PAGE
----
The bigger challenge will be aviation. Currently, aviation flight levels are given in thousands of feet and speeds in knots. The whole world would have to switch at once or you'd wind up with confusion and airplanes having loss of separation.

      One area that would be a bit tough is swimming (I'm a swimmer). In most of the world, the two competitive swimming pool formats are either short-course or long-course meters (25 or 50m). In the US, there is a third format, 25 yards (short-course yards) that is used for high school and NCAA swimming (I've only ever seen one long-course yards pool and it was actually a 50m pool with a bulkhead placed at 50 yards). The trouble here is that swimming pools are expensive and it's not a simple prospect to stretch a 25 yard pool to 25 meter pool. Many new pools are being built as 25 yards x 25 or 50 meters. But I can see that being inconvenient for HS and college sports programs.


      Texas is no longer maintaining highway mile markers. When they fade or are damaged, they are removed. Nobody needs them with GIS and GPS. Highway exit numbers are designated according to the number of miles from the Texas border. There is no way anyone is going to change the number designations on highway exits to correspond to kilometers. They are generally useful already, because it's easy to figure out the distance from an exit and to estimate time to travel.
       
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      flyingclrs727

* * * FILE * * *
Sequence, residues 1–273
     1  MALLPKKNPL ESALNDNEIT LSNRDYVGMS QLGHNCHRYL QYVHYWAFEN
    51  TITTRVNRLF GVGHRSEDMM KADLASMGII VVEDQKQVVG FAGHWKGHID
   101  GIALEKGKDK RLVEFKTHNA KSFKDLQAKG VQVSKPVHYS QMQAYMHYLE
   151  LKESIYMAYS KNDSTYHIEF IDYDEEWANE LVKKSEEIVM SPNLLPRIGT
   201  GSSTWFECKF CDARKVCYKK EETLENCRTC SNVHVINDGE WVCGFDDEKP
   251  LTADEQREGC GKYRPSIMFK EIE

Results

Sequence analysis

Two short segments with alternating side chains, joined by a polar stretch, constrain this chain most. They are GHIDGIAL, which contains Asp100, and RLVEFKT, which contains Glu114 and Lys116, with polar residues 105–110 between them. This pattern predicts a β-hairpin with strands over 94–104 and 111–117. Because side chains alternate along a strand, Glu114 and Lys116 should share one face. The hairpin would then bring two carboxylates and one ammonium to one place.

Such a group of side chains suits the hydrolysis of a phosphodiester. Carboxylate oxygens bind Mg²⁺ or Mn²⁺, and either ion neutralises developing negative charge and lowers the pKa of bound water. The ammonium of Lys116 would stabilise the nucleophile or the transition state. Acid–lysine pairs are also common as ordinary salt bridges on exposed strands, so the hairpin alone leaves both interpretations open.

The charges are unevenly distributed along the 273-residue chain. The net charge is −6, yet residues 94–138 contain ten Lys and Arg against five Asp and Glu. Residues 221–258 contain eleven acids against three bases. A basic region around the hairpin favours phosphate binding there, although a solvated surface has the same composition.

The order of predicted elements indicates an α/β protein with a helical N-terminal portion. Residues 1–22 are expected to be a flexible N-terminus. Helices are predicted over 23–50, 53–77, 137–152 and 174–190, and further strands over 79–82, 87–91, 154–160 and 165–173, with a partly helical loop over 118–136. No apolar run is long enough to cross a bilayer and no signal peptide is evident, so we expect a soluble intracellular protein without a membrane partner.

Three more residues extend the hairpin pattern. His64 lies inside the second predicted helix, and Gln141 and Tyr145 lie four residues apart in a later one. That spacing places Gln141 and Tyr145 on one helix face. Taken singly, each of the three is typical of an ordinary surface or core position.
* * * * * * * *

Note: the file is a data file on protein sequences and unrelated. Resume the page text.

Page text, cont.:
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      Re: Imperial System

      Sat Mar 09, 2019 6:37 am

      PPVRA wrote:
      Fahrenheit’s greater number of degrees between freezing and boiling is perhaps its only advantage.

      If more precision is needed, Celsius can add decimals or simply state 34-35 degrees rather than 34.5 degrees. If that decimal had much utility, people would start using it.

      The greatest utility of all, however, would be not having to convert back and forth....



      The only disadvantage I can see is if environmental controls in homes and cars were designed to be set in whole Celsius degree increments. I often find whole Farenheight degrees too big an increment. I would rather have half degree Farenheight or fifth of a degee Celcius increments.
       
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      flyingclrs727
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      Re: Imperial System

      Sat Mar 09, 2019 7:14 am

      scbriml wrote:
      noviorbis77 wrote:
      We are quite happy with our beer and milk in pints over here.

      Our TV sizes in inches.

      Calculating miles per gallon.

      Driving in miles per hour.

      There is no need for the UK to change. Most people seem quite happy.


      Milk is priced per litre. Apart from beer, every other liquid is sold in litres be it orange juice, fuel, water or paint. All solid food is sold in Kg.Wi

      Calculating fuel consumption in mpg is ludicrous when you buy fuel in litres.

      There is a need to change from the stupid half-way house where we currently are with people clinging desperately to the past.



      Wine and distilled spirits are sold only in metric units in the US since the late 1970's. The standard wine or distilled spirit bottle is 750 mL. It used be the slightly smaller fifth of a US gallon. Most beer is sold in US traditional units like 12 oz, 16 oz, etc. The actual packaging is designed in mL. Individual cans of soft drinks tend to be 12 oz (355 mL). Bulk soft drinks are sold in half liters, liters, 2 liters, etc. It doesn't hurt acceptance that the metric bottles are slightly larger than the traditional measures. A half liter is slightly larger than a pint.
       
      Bostrom
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      Re: Imperial System